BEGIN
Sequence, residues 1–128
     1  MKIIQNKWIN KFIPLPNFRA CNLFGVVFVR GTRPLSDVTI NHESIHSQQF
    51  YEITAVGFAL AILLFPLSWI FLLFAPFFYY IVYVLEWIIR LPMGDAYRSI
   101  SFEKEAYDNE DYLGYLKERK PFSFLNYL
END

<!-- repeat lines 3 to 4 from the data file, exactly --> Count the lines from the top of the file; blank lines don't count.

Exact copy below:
    51  YEITAVGFAL AILLFPLSWI FLLFAPFFYY IVYVLEWIIR LPMGDAYRSI
   101  SFEKEAYDNE DYLGYLKERK PFSFLNYL